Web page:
What if it had been yours?
I think a lot of people are imagining this as a family foolishly ignoring signs and letting their kid swim in alligator-infested waters, but I just don't think that's an accurate description. According to CNN, the family was at movie night at the Grand Floridian. These parents let their son walk on what, I remember, was the shoreline, just like I did four years earlier. They let him dip his feet into the water, maybe to cool him off. Maybe he was just playing. Maybe they'd been watching the fireworks, like we were, or unwinding after a long day spent at the parks, like thousands of other families have done and will likely continue to do. Maybe, just maybe, they blinked, and he was gone. Maybe, just maybe, they inhaled — and it was already too late.
Before news hit that the boy had gone missing after the alligator dragged him under (even though his dad tried to wrestle him free), this whole situation is something no one would have thought twice about. I know I wouldn't have. And to be honest, there is no one to blame for what happened because it was a perfect storm of failures. Alligators travel in water, so it shouldn't exactly surprise anyone that they might end up swimming around in an expensive beach in Disney World. Four years ago, that could've been us. And what then? What happened Tuesday night into Wednesday is devastating for everyone involved. I don't want to co-opt their grief, losing a child is something every parent can understand. It's our biggest, deepest nightmare. We understand how they must be feeling because we spend our lives hoping we won't ever have to feel that way. We hope and against hope that we'll never know what this feels like, because on any given moment, on any given day, there's no telling if it could be you. And there's no guide on what to do when it is.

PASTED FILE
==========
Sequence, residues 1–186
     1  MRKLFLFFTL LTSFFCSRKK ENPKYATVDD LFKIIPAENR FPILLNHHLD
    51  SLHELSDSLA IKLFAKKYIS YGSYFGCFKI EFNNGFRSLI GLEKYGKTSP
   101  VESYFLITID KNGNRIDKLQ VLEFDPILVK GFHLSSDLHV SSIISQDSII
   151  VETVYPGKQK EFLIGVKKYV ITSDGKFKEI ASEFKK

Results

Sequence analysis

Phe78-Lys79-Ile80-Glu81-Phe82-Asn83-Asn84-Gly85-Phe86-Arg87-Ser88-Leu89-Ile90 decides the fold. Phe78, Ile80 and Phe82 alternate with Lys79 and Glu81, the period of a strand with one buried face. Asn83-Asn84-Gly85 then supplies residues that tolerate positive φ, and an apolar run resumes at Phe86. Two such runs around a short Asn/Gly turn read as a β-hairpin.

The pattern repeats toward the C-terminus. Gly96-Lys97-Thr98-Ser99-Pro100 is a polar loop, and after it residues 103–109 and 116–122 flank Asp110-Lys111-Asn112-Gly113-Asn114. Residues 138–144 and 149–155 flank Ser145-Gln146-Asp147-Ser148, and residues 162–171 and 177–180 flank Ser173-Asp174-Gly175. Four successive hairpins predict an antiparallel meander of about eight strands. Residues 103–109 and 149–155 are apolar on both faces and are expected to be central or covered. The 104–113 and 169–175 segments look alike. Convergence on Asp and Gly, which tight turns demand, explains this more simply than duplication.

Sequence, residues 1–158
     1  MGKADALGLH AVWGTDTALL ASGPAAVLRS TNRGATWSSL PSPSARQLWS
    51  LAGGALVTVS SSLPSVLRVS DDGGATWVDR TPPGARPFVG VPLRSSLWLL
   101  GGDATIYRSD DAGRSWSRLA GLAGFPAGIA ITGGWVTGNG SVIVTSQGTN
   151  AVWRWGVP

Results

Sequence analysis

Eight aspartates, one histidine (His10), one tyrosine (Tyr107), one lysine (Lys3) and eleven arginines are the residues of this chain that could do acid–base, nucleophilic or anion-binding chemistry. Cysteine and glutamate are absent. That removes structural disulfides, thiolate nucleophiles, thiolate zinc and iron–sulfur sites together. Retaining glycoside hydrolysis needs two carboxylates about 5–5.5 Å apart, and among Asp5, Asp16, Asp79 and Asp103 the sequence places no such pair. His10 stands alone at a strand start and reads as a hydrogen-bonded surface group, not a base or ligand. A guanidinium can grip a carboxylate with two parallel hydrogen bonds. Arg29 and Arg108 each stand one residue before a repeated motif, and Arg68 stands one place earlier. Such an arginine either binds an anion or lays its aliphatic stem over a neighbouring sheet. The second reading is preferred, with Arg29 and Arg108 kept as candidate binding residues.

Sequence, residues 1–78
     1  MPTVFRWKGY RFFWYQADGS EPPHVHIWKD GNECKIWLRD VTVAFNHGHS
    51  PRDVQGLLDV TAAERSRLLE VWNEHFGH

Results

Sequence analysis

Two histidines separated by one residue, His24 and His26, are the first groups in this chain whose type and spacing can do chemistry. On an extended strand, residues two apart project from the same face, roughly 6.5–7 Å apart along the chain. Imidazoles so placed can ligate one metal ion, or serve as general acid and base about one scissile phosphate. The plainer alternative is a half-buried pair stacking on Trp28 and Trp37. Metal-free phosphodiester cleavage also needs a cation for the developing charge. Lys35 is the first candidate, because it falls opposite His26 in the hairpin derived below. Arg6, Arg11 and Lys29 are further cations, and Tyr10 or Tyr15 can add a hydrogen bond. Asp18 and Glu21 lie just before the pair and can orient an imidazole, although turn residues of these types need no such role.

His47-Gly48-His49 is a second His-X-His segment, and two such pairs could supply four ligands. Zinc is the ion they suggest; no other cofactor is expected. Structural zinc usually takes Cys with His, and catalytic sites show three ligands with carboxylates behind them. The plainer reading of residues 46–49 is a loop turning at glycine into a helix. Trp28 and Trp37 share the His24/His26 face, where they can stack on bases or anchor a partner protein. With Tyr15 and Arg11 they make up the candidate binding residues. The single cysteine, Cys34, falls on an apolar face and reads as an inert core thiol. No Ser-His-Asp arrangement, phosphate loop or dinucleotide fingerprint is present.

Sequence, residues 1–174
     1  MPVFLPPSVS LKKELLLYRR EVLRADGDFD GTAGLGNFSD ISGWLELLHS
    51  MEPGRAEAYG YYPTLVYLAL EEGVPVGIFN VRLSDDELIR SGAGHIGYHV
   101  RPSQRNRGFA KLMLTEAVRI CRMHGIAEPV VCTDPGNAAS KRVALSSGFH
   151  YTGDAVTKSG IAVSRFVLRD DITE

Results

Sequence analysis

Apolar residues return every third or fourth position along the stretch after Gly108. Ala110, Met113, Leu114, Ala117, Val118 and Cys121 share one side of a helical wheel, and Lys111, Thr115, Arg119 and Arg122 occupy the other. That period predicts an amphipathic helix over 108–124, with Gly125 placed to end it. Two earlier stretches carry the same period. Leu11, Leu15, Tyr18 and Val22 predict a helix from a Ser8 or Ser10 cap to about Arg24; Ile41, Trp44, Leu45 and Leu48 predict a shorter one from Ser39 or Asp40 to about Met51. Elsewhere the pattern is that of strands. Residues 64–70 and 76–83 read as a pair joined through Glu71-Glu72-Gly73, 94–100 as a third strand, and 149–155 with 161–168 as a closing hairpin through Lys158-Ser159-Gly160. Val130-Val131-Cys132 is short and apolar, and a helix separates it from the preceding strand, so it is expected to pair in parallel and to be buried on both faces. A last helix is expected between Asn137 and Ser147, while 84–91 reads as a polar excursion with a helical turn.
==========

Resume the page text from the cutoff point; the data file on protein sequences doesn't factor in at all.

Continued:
Judging a parent whose kid falls into a gorilla exhibit or who is attacked at a Disney resort by an alligator doesn't prevent those things from happening.
Witnesses have said that the attack happened in less than 30 seconds and honestly, who among us hasn't looked away from our kid for less than 30 seconds? We all try to justify these types of situations, hoping that somehow our judgmental and insightful perfect hindsight in the face of someone else's tragedy will prevent it from ever happening to us. But sadly, it doesn't work that way. Judging a parent whose kid falls into a gorilla exhibit or who is attacked at a Disney resort by an alligator doesn't prevent those things from happening. It just makes us all look like horrible human beings for insisting to stand on our high and mighty pedestals. It's just another example of how judging each other as parents takes us to the extreme and still get us nowhere.
The bitter irony of this situation is that this family was likely having the time of their lives, finally enjoying a trip they'd maybe dreamed of and planned for years. They were probably just hoping to relax after a long day on the beach, looking forward to seeing the world-famous Disney fireworks. Then their child was pulled underwater, their world snatched from them in the blink of an eye. I do not want to judge these parents. They have suffered enough.